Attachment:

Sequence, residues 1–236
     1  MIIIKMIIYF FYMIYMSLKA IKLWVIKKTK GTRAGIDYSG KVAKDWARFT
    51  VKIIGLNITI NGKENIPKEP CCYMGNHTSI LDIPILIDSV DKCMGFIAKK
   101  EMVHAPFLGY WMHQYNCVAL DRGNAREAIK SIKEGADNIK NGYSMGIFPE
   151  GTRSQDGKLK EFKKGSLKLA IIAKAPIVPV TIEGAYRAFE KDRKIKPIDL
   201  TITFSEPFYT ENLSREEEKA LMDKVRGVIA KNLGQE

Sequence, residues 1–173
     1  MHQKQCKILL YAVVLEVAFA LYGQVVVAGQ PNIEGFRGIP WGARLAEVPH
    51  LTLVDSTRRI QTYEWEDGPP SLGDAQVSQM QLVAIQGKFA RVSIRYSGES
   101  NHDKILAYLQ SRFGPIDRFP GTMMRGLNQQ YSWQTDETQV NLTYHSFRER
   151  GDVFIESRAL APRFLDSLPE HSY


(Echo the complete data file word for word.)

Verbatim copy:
Sequence, residues 1–236
     1  MIIIKMIIYF FYMIYMSLKA IKLWVIKKTK GTRAGIDYSG KVAKDWARFT
    51  VKIIGLNITI NGKENIPKEP CCYMGNHTSI LDIPILIDSV DKCMGFIAKK
   101  EMVHAPFLGY WMHQYNCVAL DRGNAREAIK SIKEGADNIK NGYSMGIFPE
   151  GTRSQDGKLK EFKKGSLKLA IIAKAPIVPV TIEGAYRAFE KDRKIKPIDL
   201  TITFSEPFYT ENLSREEEKA LMDKVRGVIA KNLGQE

Sequence, residues 1–173
     1  MHQKQCKILL YAVVLEVAFA LYGQVVVAGQ PNIEGFRGIP WGARLAEVPH
    51  LTLVDSTRRI QTYEWEDGPP SLGDAQVSQM QLVAIQGKFA RVSIRYSGES
   101  NHDKILAYLQ SRFGPIDRFP GTMMRGLNQQ YSWQTDETQV NLTYHSFRER
   151  GDVFIESRAL APRFLDSLPE HSY